Advertisement
Research Article

Using Steered Molecular Dynamics to Predict and Assess Hsp70 Substrate-Binding Domain Mutants that Alter Prion Propagation

  • Linan Xu,

    Affiliation: Province Key Laboratory of Animal Resource and Epidemic Disease Prevention, Liaoning University, Shenyang, China

    X
  • Naushaba Hasin,

    Affiliation: Department of Biology, National University of Ireland Maynooth, Maynooth, County Kildare, Ireland

    X
  • Manli Shen,

    Affiliation: School of Environmental Science, Liaoning University, Shenyang, China

    X
  • Jianwei He,

    Affiliations: Province Key Laboratory of Animal Resource and Epidemic Disease Prevention, Liaoning University, Shenyang, China, School of Environmental Science, Liaoning University, Shenyang, China

    X
  • Youlin Xue,

    Affiliation: Province Key Laboratory of Animal Resource and Epidemic Disease Prevention, Liaoning University, Shenyang, China

    X
  • Xiaohong Zhou,

    Affiliation: Province Key Laboratory of Animal Resource and Epidemic Disease Prevention, Liaoning University, Shenyang, China

    X
  • Sarah Perrett,

    Affiliation: National Laboratory of Biomacromolecules, Institute of Biophysics, Chinese Academy of Sciences, Beijing, China

    X
  • Youtao Song mail,

    ysong@lnu.edu.cn (YS); gary.jones@nuim.ie (GWJ)

    Affiliations: Province Key Laboratory of Animal Resource and Epidemic Disease Prevention, Liaoning University, Shenyang, China, School of Environmental Science, Liaoning University, Shenyang, China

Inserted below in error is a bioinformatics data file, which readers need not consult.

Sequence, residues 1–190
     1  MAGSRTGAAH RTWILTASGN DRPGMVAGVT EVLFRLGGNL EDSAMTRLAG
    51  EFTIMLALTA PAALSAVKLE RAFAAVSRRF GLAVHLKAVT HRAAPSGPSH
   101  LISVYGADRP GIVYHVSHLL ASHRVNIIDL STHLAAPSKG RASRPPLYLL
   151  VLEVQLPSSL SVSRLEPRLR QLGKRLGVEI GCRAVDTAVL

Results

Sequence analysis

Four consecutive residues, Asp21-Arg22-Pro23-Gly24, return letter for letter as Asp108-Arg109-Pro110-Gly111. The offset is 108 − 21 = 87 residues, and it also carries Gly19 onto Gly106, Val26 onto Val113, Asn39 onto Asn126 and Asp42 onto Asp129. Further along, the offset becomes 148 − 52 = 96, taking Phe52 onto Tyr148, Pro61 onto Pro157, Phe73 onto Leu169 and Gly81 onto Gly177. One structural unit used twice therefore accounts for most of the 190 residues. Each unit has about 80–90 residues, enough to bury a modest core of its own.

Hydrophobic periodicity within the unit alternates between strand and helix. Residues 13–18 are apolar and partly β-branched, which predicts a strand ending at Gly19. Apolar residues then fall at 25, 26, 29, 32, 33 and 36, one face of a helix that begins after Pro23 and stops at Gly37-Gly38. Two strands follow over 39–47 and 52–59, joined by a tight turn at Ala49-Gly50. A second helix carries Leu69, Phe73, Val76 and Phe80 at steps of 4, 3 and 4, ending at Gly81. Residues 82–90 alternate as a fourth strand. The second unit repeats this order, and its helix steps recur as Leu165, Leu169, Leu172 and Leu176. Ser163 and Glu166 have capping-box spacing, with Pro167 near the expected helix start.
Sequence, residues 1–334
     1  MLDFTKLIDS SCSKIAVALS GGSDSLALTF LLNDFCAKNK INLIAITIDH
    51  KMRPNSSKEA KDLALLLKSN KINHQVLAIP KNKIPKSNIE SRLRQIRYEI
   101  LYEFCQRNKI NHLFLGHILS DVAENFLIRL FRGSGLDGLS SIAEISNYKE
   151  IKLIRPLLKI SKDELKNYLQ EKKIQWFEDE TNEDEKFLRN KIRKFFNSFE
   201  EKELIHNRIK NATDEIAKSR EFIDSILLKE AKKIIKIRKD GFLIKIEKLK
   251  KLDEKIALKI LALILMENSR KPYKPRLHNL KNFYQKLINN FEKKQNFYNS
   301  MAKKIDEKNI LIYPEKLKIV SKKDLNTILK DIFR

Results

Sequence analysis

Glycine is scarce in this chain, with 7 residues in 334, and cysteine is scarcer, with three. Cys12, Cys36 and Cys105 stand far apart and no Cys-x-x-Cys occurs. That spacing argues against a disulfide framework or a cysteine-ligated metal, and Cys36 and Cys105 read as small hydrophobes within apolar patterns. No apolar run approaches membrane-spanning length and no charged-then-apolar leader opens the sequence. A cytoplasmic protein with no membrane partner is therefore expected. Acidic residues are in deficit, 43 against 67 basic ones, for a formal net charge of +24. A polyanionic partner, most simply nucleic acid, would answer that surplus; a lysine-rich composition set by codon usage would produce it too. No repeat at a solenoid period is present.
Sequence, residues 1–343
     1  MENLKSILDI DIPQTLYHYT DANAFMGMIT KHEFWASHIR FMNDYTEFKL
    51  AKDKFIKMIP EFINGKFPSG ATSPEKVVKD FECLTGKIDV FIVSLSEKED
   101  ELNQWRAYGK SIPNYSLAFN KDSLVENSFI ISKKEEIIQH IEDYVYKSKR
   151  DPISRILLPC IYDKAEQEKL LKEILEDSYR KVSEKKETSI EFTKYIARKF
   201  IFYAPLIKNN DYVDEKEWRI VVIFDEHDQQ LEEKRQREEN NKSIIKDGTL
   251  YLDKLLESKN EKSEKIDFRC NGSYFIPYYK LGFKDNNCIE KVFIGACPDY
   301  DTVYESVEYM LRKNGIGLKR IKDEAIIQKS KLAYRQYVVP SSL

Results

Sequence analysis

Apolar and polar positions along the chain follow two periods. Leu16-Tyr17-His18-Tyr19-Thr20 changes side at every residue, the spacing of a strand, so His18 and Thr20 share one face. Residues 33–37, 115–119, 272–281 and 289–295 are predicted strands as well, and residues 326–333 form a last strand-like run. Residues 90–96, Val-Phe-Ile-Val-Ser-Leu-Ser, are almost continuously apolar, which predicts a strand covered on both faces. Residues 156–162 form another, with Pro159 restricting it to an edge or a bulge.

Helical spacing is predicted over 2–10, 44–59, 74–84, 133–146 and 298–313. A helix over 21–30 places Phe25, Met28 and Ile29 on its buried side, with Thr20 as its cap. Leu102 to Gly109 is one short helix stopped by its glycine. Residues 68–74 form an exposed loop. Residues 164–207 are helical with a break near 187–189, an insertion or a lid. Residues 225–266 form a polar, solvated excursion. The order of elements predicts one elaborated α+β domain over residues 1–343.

X
  • Gary W. Jones mail

    ysong@lnu.edu.cn (YS); gary.jones@nuim.ie (GWJ)

    Affiliation: Department of Biology, National University of Ireland Maynooth, Maynooth, County Kildare, Ireland

    X
  • Published: January 31, 2013
  • DOI: 10.1371/journal.pcbi.1002896

Abstract

Genetic screens using Saccharomyces cerevisiae have identified an array of cytosolic Hsp70 mutants that are impaired in the ability to propagate the yeast [PSI+] prion. The best characterized of these mutants is the Ssa1 L483W mutant (so-called SSA1-21), which is located in the substrate-binding domain of the protein. However, biochemical analysis of some of these Hsp70 mutants has so far failed to provide major insight into the specific functional changes in Hsp70 that cause prion impairment. In order to gain a better understanding of the mechanism of Hsp70 impairment of prions we have taken an in silico approach and focused on the Escherichia coli Hsp70 ortholog DnaK. Using steered molecular dynamics simulations (SMD) we demonstrate that DnaK variant L484W (analogous to SSA1-21) is predicted to bind substrate more avidly than wild-type DnaK due to an increase in numbers of hydrogen bonds and hydrophobic interactions between chaperone and peptide. Additionally the presence of the larger tryptophan side chain is predicted to cause a conformational change in the peptide-binding domain that physically impairs substrate dissociation. The DnaK L484W variant in combination with some SSA1-21 phenotypic second-site suppressor mutations exhibits chaperone-substrate interactions that are similar to wild-type protein and this provides a rationale for the phenotypic suppression that is observed. Our computational analysis fits well with previous yeast genetics studies regarding the functionality of the Ssa1-21 protein and provides further evidence suggesting that manipulation of the Hsp70 ATPase cycle to favor the ADP/substrate-bound form impairs prion propagation. Furthermore, we demonstrate how SMD can be used as a computational tool for predicting Hsp70 peptide-binding domain mutants that impair prion propagation.